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Tennis elbow, or lateral epicondylitis, is a painful condition of the elbow caused by overuse. Not surprisingly, playing tennis or other racquet sports can cause this condition. However, several other sports and activities can also put you at risk.

Tennis elbow involves the degeneration (wearing down) or, in some cases, microtearing of the tendons that join the forearm muscles on the outside of the elbow. The forearm muscles and tendons become damaged from overuse — repeating the same motions again and again, which leads to pain and tenderness on the outside of the elbow.


The elbow joint is a joint made up of three bones:

  • The humerus (upper arm bone)
  • The radius and ulna (the two bones in the forearm)

There are bony prominences (bumps) at the sides of your elbow and bottom of the humerus called epicondyles, where several muscles of the forearm begin their course. The bony prominence on the outside (lateral side) of the elbow is called the lateral epicondyle.




Tennis elbow is often due to damage to a specific forearm muscle (ECRB). The ECRB muscle helps stabilize the wrist when the elbow is straight. This occurs during a tennis groundstroke, for example. When the ECRB muscle is weakened from overuse, microscopic tears form in the ECRB tendon where it attaches to the lateral epicondyle. This leads to pain directly over the outside (lateral) part of the elbow.

The ECRB may also be at increased risk for damage because of its position. As the elbow bends and straightens, the muscle rubs against bony prominences (bumps), which can cause gradual wear and tear of the muscle over time.


Athletes are not the only people who get tennis elbow. Many people with tennis elbow participate in work or recreational activities that require repetitive and vigorous use of the forearm muscle or repetitive extension of the wrist and hand.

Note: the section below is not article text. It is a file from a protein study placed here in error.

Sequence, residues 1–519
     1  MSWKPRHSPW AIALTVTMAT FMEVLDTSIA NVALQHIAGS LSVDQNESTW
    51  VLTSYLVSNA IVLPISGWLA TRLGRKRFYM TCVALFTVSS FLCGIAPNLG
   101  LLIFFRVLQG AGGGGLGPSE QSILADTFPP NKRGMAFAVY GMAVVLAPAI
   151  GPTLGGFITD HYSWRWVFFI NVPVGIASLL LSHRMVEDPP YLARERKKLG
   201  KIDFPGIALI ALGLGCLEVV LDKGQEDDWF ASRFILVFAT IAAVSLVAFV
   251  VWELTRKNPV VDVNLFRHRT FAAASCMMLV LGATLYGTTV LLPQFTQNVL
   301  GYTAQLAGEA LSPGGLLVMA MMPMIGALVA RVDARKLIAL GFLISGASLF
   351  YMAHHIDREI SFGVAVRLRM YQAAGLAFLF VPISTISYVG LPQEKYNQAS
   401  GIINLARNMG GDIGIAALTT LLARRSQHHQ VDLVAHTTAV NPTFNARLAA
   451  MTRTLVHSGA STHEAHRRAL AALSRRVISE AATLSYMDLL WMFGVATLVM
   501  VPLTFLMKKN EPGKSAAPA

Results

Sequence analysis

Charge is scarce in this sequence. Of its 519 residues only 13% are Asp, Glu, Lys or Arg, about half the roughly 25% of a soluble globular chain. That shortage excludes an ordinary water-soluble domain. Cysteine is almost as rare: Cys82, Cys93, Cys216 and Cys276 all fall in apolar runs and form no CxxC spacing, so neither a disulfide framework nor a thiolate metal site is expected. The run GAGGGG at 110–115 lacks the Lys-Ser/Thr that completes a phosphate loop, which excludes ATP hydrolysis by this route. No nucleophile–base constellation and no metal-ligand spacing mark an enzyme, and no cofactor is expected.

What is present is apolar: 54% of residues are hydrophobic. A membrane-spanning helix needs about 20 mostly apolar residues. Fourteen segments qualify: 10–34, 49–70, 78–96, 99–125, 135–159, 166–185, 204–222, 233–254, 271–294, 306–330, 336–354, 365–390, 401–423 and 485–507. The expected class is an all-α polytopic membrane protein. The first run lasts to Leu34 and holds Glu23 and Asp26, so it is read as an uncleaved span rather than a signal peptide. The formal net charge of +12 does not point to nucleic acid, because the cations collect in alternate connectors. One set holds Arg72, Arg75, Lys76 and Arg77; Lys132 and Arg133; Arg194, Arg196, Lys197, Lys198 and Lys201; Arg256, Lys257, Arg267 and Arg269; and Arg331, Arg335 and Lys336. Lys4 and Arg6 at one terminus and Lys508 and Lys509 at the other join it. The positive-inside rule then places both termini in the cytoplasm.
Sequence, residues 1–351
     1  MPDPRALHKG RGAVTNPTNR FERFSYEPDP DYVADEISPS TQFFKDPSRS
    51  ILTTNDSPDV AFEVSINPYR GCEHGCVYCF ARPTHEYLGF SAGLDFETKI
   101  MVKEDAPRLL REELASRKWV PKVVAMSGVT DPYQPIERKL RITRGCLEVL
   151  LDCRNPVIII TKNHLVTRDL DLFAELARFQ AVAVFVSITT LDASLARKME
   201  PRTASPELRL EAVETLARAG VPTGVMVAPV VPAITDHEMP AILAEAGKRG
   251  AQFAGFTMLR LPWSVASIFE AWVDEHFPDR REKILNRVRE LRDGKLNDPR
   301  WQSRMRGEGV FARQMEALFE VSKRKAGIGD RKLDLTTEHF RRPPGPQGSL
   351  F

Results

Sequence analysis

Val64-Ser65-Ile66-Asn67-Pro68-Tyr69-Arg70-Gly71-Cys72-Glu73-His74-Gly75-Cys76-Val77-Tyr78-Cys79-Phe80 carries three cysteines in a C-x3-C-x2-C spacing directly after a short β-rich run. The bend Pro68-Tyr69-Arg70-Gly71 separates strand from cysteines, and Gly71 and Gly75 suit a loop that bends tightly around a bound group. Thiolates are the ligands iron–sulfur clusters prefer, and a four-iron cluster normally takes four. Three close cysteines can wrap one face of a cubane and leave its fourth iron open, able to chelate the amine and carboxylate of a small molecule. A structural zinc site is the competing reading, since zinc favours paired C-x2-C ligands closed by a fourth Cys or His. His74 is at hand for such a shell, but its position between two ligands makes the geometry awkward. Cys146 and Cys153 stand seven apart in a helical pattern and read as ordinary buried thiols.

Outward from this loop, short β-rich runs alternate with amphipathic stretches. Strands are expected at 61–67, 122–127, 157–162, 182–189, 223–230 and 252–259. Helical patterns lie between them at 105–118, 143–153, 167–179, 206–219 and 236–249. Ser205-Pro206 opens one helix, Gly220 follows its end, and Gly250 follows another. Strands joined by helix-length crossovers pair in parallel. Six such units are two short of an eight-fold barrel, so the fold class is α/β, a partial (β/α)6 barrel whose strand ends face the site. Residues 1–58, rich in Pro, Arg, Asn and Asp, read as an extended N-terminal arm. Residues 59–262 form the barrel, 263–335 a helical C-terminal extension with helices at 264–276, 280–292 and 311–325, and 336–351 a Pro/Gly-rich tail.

Painters, plumbers, and carpenters are particularly prone to developing tennis elbow. Studies have shown that auto workers, cooks, and even butchers get tennis elbow more often than the rest of the population. It is thought that the repetition and weightlifting required in these occupations leads to injury.


Most people who get tennis elbow are between the ages of 30 and 50, although anyone can get tennis elbow if they have the risk factors. In racquet sports like tennis, improper stroke technique and improper equipment may be risk factors.


Lateral epicondylitis can occur without any recognized repetitive injury. This occurrence is called idiopathic, or of an unknown cause.



The symptoms of tennis elbow develop gradually. In most cases, the pain begins as mild and slowly worsens over weeks and months. There is usually no specific injury associated with the start of symptoms.

Common signs and symptoms of tennis elbow include:

  • Pain or burning on the outer part of your elbow
  • Weak grip strength
  • Sometimes, pain at night

The symptoms are often worsened with forearm activity, such as holding a racquet, turning a wrench, or shaking hands. Your dominant arm is most often affected; however, both arms can be affected.


How Remedial Massage Can Help

Remedial Massage can help relieve the symptoms of epicondylitis by releasing the build-up of tension in the ECRB (discussed earlier) and the surrounding muscle tissue. This means there will be less pull on the tendons which connects the forearm muscles to the outside of the elbow (epicondyle).

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